RIO TINTO WEIPA: The Value Proposition of Good



RIO TINTO WEIPA: The Value Proposition of Good
Health, Safe and Productive by Design. Proceedings of the 51st Annual Conference of the Human Factors and
Ergonomics Society of Australia. 6-9 November, Gold Coast, Queensland.
RIO TINTO WEIPA: The Value Proposition of Good Work
Sara Pazella, Robin Burgess-Limericka, Tim Horberryb, Gary Dennisc, and Christian Wakelingd
a Minerals
Industry Safety Health Centre, University of Queensland, St Lucia, Queensland, AUSTRALIA,
b Monash University Accident Research Centre, Monash University, Melbourne, AUSTRALIA
c ErgoEnterprises; d Rio Tinto Weipa
Investigations were undertaken at a North Queensland mining organisation with a high level of maturity
associated with good work design and participatory ergonomics practices. Lead and lag indicator reports
and industry award reports were reviewed. Semi-structured and unstructured interviews were
conducted with management, program coordinators and workers during a site visit. A formative process
was undertaken during the investigation to determine achievements and areas for improvement, with
retrospective review and consensus achieved from organisation representatives at various levels of
management. Two case studies were highlighted in this paper to illustrate their good work design
initiatives, one describing hand injury reduction rates and the other addressing biomechanical risk
reduction for low back injury.
What is Good Work Design?
Good Work Design represents work that provides for harmonious safe, health, and productive work that
also supports the creative contributions of a diverse work team. It is underpinned by the tenets of human
centred design and participative ergonomics, and advances Total Worker Health® (Sorensen et al, 2016).
Good Work Design encompasses and provides for:
1. Critical event management
2. Significant task, equipment, and work systems design or redesign
3. Strategies to optimise health & well-being
4. Social connection
5. The attainment of enterprise goals for good business performance (throughout the supply chain)
6. Good governance supported by effective knowledge systems
7. The promotion of social and environmental sustainability
To achieve good work design we need to know what "good" looks like. One may extend this line of
thinking to ask: at what point have we achieved optimum performance and can it get any better?
To advance good work design, we may strive to understand the elements that contribute to positive
performance. There are a range of variable circumstances such as the inherent nature of humans,
Health, Safe and Productive by Design. Proceedings of the 51st Annual Conference of the Human Factors and
Ergonomics Society of Australia. 6-9 November, Gold Coast, Queensland.
workforce characteristics and strategies, interdependent and contingent factors that contribute to system
performance, potential unwanted events, risk determination, positive reinforcement factors, redesign of
erosion factors, change opportunities and readiness, and leadership support.
Challenges to Integrate Programs
A challenge for many organisations is the integration of good work design activities at a systemic level
sustained by supportive leadership practices (Sorensen et al, 2016). In a review of literature, participative
ergonomics, a tenet of good work design practices, met only a small number of elements required within
an occupational health and safety framework. Structural program and language differences did not
facilitate easy integration in safety management systems and, thus, the ergonomics programs were left to
operate as stand-alone (Yazdani et al, 2015).
Too often, to address health initiatives, organisations provide programs targeted at individuals and
behaviour change without tackling the system-level policies and practices (Carayon, 2006; Henning et al,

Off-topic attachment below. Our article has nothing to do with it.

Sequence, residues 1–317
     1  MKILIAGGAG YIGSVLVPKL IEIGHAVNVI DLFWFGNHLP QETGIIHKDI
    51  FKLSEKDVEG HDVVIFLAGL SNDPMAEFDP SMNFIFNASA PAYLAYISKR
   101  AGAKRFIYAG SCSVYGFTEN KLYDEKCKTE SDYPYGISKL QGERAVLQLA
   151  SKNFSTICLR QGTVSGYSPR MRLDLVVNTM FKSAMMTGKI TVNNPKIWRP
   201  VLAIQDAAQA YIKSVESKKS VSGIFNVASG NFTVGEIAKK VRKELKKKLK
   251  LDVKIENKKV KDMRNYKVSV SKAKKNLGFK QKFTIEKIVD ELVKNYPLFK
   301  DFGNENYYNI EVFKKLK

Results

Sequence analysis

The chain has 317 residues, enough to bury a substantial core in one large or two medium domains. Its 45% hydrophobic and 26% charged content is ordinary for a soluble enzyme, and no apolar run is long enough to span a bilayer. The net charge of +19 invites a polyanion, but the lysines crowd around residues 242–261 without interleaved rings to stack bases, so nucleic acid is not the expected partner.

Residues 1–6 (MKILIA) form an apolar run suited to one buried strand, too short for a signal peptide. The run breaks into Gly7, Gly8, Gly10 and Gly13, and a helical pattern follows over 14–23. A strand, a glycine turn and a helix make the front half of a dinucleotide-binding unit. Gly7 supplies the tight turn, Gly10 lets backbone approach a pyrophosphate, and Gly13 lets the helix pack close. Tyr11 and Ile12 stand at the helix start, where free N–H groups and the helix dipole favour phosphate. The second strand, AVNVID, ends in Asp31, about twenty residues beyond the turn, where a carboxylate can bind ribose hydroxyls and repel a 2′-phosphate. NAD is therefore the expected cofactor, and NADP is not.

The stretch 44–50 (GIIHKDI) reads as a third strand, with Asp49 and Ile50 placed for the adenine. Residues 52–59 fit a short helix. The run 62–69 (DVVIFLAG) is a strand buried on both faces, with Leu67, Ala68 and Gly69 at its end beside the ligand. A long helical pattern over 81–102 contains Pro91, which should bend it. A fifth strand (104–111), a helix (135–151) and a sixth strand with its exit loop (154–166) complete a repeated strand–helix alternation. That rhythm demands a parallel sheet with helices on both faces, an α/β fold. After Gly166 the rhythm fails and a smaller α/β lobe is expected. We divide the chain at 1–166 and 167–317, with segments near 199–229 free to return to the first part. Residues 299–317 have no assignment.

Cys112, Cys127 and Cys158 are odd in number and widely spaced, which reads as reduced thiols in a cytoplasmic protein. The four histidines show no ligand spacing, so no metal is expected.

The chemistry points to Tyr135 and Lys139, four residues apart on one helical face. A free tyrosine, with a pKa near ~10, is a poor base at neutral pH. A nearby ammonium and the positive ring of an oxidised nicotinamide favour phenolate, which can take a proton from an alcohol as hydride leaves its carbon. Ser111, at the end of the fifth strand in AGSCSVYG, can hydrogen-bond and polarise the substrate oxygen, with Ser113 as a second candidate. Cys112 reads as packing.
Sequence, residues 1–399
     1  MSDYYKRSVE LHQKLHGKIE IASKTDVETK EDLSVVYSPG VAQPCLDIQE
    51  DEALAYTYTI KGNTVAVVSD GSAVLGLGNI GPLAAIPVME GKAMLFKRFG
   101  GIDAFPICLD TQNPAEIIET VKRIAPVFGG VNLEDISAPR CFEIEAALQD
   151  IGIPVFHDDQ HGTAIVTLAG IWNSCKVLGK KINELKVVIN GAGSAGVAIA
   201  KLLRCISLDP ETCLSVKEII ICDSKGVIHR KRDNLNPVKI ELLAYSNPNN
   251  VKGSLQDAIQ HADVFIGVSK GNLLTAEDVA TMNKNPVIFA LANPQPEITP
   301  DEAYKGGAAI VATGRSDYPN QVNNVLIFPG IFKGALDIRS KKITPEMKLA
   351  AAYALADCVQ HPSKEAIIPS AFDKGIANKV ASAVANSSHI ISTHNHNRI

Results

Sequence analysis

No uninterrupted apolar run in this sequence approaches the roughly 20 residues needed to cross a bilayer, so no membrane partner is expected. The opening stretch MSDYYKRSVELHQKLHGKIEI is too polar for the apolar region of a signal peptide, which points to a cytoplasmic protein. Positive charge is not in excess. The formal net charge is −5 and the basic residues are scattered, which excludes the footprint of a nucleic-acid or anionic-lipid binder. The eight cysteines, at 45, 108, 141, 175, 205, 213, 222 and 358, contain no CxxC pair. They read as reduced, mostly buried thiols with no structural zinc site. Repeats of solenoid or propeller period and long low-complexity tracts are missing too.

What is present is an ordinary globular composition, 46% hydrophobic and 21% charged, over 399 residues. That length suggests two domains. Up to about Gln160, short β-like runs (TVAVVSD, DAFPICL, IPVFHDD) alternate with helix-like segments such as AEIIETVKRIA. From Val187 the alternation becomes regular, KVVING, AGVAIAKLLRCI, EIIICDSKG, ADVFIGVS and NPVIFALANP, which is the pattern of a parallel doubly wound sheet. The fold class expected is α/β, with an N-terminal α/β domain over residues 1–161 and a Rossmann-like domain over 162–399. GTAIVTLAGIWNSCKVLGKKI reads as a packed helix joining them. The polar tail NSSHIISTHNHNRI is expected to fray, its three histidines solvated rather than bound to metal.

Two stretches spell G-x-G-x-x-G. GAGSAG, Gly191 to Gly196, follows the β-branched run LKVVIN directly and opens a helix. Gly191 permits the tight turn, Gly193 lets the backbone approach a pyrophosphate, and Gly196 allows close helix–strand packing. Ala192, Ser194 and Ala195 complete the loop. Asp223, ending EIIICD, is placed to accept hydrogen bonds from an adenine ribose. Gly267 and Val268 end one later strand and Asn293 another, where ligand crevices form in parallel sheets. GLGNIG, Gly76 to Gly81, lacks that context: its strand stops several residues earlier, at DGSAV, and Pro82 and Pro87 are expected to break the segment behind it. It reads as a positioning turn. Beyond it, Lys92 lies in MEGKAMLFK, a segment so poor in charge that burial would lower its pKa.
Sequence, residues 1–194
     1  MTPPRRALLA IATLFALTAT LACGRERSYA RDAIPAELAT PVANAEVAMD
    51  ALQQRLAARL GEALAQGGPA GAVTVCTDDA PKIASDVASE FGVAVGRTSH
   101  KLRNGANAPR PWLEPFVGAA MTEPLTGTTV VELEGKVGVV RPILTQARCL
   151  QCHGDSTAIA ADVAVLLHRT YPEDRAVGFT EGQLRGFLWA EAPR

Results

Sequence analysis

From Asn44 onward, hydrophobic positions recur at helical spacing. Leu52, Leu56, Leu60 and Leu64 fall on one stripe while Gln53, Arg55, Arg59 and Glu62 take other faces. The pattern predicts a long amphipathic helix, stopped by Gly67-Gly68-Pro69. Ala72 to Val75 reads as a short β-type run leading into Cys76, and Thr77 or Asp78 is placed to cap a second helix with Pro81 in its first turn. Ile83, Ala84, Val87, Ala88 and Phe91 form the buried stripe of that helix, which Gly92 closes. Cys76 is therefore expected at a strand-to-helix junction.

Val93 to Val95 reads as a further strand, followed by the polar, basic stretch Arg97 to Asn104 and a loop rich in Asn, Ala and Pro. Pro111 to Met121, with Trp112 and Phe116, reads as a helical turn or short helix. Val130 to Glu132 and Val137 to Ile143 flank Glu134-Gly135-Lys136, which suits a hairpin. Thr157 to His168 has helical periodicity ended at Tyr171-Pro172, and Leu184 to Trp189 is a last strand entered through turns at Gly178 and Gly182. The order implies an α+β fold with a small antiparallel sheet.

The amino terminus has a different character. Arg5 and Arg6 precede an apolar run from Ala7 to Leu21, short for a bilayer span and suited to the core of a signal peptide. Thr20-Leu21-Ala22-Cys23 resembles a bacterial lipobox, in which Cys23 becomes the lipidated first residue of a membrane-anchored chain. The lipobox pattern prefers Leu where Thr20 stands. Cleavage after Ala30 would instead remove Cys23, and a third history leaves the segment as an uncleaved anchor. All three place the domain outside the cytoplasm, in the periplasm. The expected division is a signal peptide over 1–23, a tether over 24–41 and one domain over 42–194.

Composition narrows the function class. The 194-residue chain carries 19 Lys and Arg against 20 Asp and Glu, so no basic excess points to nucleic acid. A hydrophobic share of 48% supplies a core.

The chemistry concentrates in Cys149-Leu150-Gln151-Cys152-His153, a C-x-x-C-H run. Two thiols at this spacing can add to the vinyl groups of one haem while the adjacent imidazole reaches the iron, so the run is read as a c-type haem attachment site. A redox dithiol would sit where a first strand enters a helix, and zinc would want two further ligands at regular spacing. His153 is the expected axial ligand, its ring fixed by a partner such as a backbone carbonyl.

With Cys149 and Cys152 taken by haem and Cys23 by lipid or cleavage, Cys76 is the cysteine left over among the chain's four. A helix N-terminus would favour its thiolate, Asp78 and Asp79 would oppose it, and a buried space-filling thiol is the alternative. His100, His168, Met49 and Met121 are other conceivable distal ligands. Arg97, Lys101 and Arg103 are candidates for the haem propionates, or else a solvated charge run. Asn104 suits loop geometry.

2009; Karanika-Murray and Weyman, 2013; and Sorenson et al, 2016). However, organisations may have
more influence over these system-based interventions, which are also more likely to act as preventive
measures (Burke, 2014) and develop sustainable and resilient programs (Henning et al, 2009; Kohler and
Munz, 2006; Mellor et al, 2012; Munz et al, 2001; and Sorensen et al, 2016). However, the practices take
time, resources, and considered effort (Pazell and Burgess-Limerick, 2015).
Risks Associated with Failure to Adopt
There are risks associated with failure to adopt good work design practices (BS ISP 27500: 2016). These
risks include: reduced accessibility of services, products or systems; impaired usability of tools, devices or
systems; product failure; fractured or inauthentic support for diversity; lower levels of workforce
competence; and ineffective training and engagement initiatives (BS ISP 27500: 2016). Distributed
situation awareness may be reduced and costly system failures may occur (Horberry et al, 2015; ISO 92412010: 2010; and Stanton et al, 2007). Safety may be compromised at a level that may lead to catastrophic,
fatal, or disabling events (BS ISP 27500: 2016). There may be little evidence-based, concerted efforts to
prevent musculoskeletal disorders (e.g. Burgess-Limerick, 2011; and Torma-Krajewski et al, 2009).
Occupational rehabilitation return to work programs may be less effective. Security may be compromised
(BS ISP 27500: 2016). Opportunities may be missed to improve safety culture and establish a positive
work climate (Laing et al, 2007; Laitinen et al, 1998; and Lallemand, C., 2012). Efforts to achieve
sustainability in environmental and social practices may be thwarted. There may be reductions in the
value proposition of work activity and an organisation may face increased costs to address these
shortcomings (BS ISP 27500: 2016). An organisation without well integrated and inherent good work
design practices may have low levels of change-readiness (Village and Ostry, 2010) and may be at risk of
not employing tactical, evidence-based work strategies (Boatman et al, 2015; Glimskar, 2013; KaranikaMurray and Weyman, 2013; and Sorenson et al, 2015).
Health, Safe and Productive by Design. Proceedings of the 51st Annual Conference of the Human Factors and
Ergonomics Society of Australia. 6-9 November, Gold Coast, Queensland.
About Rio Tinto Weipa: The Organisation
Rio Tinto Weipa (RT Weipa) operates two continuous mines/beneficiation plants at East Weipa and